Monthly Archives: May 2013

Alexander Johnston Cassatt: The Man Who Spanned the Hudson

Alexander J. Cassatt (1839-1906) was not a Philadelphian.  He was a Pittsburgh transplant who had started his career as an engineer with the Pennsylvania Railroad, and proved himself to be a master of transportation logistics.  As vice president of “The Railroad,” Cassatt enjoyed the good life.  He was the proud owner of a Frank Furness-designed […]
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When Rocks Talk: “The Boys of Mount Airy” and a Woman from Germantown

Bare rock makes a mute memorial. When a boulder loses a plaque once carried, it instantly loses voice, power, and a good measure of its dignity. What to make of the boulder at Germantown Avenue and Sedgwick Street in front of the Lovett Memorial Library? It’s been missing two plaques for forty years. There it […]
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The Wedding that Ignited Philadelphia

Advocates of peace and freedom gathered in Philadelphia 175 years ago today. They had come to dedicate Pennsylvania Hall, “the first and only one of its kind in the republic,” according to abolitionist Theodore Dwight Weld. Three days later, this new building “consecrated to Free Discussion and Equal Rights” was reduced to ruins, burnt by […]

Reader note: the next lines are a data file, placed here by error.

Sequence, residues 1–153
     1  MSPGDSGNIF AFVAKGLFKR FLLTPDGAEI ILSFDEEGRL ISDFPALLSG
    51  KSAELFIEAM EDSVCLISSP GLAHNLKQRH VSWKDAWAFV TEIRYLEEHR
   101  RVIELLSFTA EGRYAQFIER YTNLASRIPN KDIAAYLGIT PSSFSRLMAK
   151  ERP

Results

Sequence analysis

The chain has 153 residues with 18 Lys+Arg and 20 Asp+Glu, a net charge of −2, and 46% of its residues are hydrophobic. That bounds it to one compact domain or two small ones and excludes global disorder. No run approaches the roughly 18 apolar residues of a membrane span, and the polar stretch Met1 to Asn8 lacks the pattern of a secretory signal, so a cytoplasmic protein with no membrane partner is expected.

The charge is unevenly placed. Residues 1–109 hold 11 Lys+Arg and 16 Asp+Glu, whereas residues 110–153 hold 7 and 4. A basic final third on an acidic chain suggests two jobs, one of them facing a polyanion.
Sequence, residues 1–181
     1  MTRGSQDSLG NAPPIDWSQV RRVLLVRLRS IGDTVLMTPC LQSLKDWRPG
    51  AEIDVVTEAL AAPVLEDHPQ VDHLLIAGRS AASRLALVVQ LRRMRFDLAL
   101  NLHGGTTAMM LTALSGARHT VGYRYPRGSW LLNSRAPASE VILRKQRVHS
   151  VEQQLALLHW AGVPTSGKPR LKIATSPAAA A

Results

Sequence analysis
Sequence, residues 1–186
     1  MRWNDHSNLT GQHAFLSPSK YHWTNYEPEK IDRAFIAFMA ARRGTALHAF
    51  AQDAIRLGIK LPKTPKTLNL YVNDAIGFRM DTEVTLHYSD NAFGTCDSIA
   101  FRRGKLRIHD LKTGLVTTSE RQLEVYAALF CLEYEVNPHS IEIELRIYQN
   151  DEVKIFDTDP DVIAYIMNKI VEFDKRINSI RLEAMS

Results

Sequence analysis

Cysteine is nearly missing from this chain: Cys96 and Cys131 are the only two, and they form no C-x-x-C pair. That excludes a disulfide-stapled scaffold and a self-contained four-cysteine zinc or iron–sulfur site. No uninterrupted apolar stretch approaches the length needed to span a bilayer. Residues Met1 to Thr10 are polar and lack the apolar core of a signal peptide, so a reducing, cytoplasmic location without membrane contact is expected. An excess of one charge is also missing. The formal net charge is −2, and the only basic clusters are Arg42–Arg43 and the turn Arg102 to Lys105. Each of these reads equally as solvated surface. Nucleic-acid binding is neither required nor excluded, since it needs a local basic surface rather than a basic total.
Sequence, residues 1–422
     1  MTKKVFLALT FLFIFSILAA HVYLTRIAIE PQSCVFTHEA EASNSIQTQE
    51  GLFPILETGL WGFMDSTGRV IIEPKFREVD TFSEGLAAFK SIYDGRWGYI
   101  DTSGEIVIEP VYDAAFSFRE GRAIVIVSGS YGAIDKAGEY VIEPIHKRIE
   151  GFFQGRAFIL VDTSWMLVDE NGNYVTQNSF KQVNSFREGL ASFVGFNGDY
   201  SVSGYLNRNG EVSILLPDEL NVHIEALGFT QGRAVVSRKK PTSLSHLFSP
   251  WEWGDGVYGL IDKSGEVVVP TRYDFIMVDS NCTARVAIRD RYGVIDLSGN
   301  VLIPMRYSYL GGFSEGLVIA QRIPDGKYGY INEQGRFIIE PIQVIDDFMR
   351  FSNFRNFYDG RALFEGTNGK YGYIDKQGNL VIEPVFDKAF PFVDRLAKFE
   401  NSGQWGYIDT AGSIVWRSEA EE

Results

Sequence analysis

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Lower Schuylkill: The Upside of Philly’s Underside

It’s a shame no one has anything good to say about the drive from Philadelphia International Airport to Center City. It’s a gritty but grand entrance, this ride on PA 291, aka the Penrose Avenue Bridge, aka the Platt Memorial Bridge to US 76, aka the Schuylkill Expressway—a ride punctuated by the usual roadwork, billboards, […]
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The Uncertain Future of Germantown High School

It’s been a little over two years since PhillyHistory.org wrote The Rise and Fall of Philadelphia’s Public Schools. In that time, 23 underutilized schools have been officially slated for the chopping block and the Philadelphia School District has only fallen further. As Ken Finkel noted then, many of the institutions being shuttered were built before […]
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